|Not a practical outfit for|
poo-picking the field
On this, several thoughts, to wit:
This is possibly THE MOST Telegraph-cum-fashion story ever in existence. I'm not sure there's anything that falls better into the very tiny section of that particular Venn diagram than what to wear for the Boxing Day hunt.
Now, it's lovely that enough people feel like they want to get involved that a national paper provides guidance on dress code. BUT… if you're involved enough with horses and / or the countryside that following the hunt is something that takes your fancy, you know what you're wearing anyway. Because it goes along the lines of: warm, practical, and something you don't mind getting muddy / covered in enthusiastic paw prints. Basically whatever you wear to walk the dog in.
But this clearly wasn't a guide for those thinking it might be nice to go and watch the hunt set off. The first clue was that it didn't list "warm jacket, scarf, wellies." It wasn't even for people who will be participating in the hunt - because at the point you've decided you're getting stuck in, either you know what you're wearing, and have battled the stock tie enough to prove it; or you're a bit unsure, at which point you call the hunt secretary. This - featuring full skirts from Temperley, various kit by Hermès, and red lingerie (rather than a sports bra) - is a guide firmly for those who simply want to look like they hunt, rather than go anywhere near an actual horse (although I've never seen anyone hunting in a Temperley skirt...).
If you wish serious hunters to take you seriously, you're better off buying from equestrian specialists, the piece says. If you want them to take you seriously, you're better off not dressing yourself up in the clobber making it look for all the world like you're suited more to a Thelwell cartoon in which you've lost your mount, to be honest.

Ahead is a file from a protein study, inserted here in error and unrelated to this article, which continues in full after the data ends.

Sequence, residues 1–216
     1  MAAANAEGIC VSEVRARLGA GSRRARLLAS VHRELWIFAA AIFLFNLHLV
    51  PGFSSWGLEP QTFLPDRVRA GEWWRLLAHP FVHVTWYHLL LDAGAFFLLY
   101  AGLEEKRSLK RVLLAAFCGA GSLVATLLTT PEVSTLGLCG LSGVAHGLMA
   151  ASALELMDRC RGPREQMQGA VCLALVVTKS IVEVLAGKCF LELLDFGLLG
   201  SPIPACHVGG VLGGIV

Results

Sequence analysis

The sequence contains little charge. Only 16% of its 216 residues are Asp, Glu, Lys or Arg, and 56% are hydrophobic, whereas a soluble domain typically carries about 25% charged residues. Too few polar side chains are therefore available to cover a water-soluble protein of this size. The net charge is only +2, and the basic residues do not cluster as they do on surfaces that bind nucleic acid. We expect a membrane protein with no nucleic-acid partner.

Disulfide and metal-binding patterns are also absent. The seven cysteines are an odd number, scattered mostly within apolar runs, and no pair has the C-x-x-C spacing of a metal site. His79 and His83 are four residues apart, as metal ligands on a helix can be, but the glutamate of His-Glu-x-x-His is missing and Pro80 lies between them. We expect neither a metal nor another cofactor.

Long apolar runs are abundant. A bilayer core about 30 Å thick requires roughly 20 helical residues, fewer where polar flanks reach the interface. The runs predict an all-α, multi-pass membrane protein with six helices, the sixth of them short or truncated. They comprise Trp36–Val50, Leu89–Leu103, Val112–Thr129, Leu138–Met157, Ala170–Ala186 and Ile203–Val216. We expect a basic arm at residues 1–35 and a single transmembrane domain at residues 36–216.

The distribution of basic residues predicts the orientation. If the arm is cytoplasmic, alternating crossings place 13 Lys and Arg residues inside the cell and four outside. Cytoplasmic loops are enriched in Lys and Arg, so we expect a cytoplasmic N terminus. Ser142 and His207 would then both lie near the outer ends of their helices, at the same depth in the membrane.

I don't understand the fascination with wanting to look like you're horsey. Well over a year ago whilst walking to the office, I saw a woman in jodhpur-style trousers, riding boots, and a hacking jacket - all of which would be fine if she'd been actually on a horse, rather than the South Bank, and if the entire outfit hadn't quite clearly come from Zara. I don't play football, I don't hike, and I don't sail (the week sailing round the Greek islands doesn't count, given I did more lazing on deck in a swimsuit than the actual act of piloting the boat) - so I don't dress to look like I do. The whole concept of dressing up to make it look like you do a hobby that you don't really is quite bizarre.
And anyway, as we all know, there's only one sure fire way to look properly horsey, and it's one I very much doubt the fashionistas would ever countenance: a thoroughly practical (and not necessarily stylish) jacket, sensible boots that bear the scars of several hundred trips to the field where the gate stands in a muddy quagmire, and all over or at the very least on your sleeves and thighs, patches of variously-aged, unidentifiable patches of greenish slime and slobber. But for some reason, that was missing from the list.